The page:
Until 2 September
Faith is put under the spotlight in Jodi Gallagher’s immersive new work Prophet.
Is it the story of Christianity? There are certainly elements of it in there. I am thinking of Jesus and one of his disciplines in particular.
This journey started with Gallagher writing about Jewish mystic Sabbatai Zevi and his prophet, theologian Nathan of Gaza.
Mind you, all that remains of the initial concept is a character name and an exploration of belief.
The piece features seven performers who wander through a space littered with the fallout from a city in ruins.
The devastation of war is apparent. Scaffolding and graffiti reveal broken homes and shattered lives.
A humble man (actor Scott Middleton) – who will soon enough fall silent – returns, bringing home a vision of the end of the world.
The rest of what I am about to reveal is my interpretation of what I saw, for Prophet does not present a straightforward narrative.
A writer (Gabriel Partington) engages the man in conversation and appears to have an epiphany.
Partington quickly becomes a devotee of the man he regards as a visionary.
The former becomes increasingly estranged from his wife (Mia Langren) as he sets out to spread Middleton’s life lessons.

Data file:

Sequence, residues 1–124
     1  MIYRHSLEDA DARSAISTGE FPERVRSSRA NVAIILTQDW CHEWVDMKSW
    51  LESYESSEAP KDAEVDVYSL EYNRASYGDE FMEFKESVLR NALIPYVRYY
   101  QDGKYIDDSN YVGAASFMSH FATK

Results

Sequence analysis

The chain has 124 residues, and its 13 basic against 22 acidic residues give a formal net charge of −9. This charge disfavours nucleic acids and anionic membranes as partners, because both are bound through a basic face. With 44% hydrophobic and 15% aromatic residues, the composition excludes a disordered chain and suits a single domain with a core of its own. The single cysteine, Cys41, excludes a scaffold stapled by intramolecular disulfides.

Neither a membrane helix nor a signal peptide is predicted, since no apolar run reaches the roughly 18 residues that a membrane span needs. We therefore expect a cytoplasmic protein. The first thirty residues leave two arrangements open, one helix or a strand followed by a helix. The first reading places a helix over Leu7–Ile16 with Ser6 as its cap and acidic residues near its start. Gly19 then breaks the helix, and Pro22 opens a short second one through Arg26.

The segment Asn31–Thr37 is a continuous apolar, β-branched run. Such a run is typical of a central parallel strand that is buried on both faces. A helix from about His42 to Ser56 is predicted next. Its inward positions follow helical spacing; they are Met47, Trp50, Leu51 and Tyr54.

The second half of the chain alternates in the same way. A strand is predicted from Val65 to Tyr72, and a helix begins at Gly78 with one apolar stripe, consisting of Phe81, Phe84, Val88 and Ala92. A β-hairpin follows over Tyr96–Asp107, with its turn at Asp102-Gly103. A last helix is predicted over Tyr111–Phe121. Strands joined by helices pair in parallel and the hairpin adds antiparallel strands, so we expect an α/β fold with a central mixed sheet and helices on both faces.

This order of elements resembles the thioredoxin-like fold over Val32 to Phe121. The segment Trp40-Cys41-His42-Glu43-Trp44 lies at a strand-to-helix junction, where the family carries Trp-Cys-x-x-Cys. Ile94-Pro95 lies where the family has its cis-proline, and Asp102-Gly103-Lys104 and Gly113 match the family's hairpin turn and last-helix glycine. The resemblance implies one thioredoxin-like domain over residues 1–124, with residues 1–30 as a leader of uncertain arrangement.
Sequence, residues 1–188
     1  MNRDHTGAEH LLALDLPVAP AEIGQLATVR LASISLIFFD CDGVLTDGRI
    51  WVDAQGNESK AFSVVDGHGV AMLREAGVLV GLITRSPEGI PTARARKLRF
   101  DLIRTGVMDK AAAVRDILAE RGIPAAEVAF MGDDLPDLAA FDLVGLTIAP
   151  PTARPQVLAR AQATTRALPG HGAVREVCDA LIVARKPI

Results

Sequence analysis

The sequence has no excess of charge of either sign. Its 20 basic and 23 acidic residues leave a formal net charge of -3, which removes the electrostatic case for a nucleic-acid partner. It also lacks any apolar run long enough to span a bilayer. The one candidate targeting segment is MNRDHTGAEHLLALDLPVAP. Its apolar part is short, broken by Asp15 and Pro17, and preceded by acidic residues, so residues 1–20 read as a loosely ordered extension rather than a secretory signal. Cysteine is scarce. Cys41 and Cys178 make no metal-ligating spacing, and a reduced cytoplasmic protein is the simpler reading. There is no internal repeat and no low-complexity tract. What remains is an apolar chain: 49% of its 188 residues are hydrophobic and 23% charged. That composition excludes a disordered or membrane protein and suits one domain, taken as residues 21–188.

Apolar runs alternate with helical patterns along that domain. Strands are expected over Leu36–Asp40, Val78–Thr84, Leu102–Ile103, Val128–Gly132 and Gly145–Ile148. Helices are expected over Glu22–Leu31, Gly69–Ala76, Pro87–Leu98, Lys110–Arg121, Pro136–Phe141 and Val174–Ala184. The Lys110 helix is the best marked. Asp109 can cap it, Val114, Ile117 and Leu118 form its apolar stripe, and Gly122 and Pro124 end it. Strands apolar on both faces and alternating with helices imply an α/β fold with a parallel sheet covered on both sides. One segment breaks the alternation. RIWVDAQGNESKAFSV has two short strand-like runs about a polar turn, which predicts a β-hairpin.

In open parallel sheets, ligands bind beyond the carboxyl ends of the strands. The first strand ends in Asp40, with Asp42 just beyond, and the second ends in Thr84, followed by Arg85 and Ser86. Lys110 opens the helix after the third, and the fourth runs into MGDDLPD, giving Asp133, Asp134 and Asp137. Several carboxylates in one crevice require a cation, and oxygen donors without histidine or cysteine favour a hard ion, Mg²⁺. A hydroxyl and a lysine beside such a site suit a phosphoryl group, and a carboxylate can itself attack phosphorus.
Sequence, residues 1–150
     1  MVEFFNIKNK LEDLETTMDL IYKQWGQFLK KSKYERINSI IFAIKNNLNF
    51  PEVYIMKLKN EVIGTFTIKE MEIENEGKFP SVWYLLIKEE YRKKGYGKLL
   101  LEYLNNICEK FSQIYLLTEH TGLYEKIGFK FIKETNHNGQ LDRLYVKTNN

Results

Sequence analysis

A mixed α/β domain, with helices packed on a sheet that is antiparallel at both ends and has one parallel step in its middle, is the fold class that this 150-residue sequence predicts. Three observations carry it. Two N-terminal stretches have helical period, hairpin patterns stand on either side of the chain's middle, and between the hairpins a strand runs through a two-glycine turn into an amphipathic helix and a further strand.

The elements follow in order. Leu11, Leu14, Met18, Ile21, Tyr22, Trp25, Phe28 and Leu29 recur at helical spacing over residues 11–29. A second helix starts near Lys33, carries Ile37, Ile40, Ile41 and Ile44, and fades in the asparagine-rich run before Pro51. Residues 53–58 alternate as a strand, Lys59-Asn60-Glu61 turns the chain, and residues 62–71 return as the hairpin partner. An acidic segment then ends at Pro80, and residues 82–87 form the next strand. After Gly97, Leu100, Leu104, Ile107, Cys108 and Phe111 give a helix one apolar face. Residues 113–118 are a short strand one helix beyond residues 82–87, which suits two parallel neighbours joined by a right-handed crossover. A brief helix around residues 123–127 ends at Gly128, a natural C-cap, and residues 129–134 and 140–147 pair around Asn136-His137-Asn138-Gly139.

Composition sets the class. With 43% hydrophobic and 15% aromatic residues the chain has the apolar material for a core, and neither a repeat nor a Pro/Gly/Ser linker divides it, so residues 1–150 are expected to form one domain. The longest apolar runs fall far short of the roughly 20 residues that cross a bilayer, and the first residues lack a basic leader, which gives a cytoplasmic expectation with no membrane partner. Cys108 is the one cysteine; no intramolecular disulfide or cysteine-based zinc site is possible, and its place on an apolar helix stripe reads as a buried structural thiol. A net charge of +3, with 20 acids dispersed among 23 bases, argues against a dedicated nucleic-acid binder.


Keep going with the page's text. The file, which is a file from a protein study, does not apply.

In the process, Partington is locked up and visited by his concerned father (Dennis Coard), who pleads with him to return to normalcy.
Taking advantage of the situation is a slick saleswoman cum gatekeeper and interrogator (Helen Hopkins), who invariably knows how to twist things in her favour.
She is the politician of her day.
Partington isn’t Middleton’s only disciple. Carolyn Bock also “sees the light” and is inspired.
And then there is the presence of Middleton’s loving mother (Carole Patullo), who recognises her son’s fate.
Prophet is a challenging work, which is very well performed and executed.
I greatly admire the creativity that is the hallmark of this production.
The set (Sam Diamond is responsible, as he is for costuming), lighting (Bronwyn Pringle) and sound (J. David Franzke) create an atmosphere of trepidation.
Much of the focus is on Partington, who brings conviction to his portrayal of a man under Middleton’s spell.
Another under the latter’s gaze is Carolyn Bock who generates unbridled enthusiasm as another acolyte.
For his part, Middleton is calm and considered, while Carole Patullo is his doting parent.
Self-belief turns to cockiness in Helen Hopkins’ representation of a power player.
And there is understandable desperation in the roles filled by Dennis Coard and Mia Langren, as father and wife respectively.
What we choose to believe and how we live our lives is undoubtedly shaped and manipulated by others. Prophet highlights the impact of an altered reality.
Writer and director Gallagher has given us much food for thought.
I thoroughly enjoy immersive theatre. As far as I am concerned, there is not enough of it around. Prophet excited me because it is decidedly different – fresh and original.
It is playing at Theatre Works until 2nd September, 2023.
* I saw a preview performance of the production.
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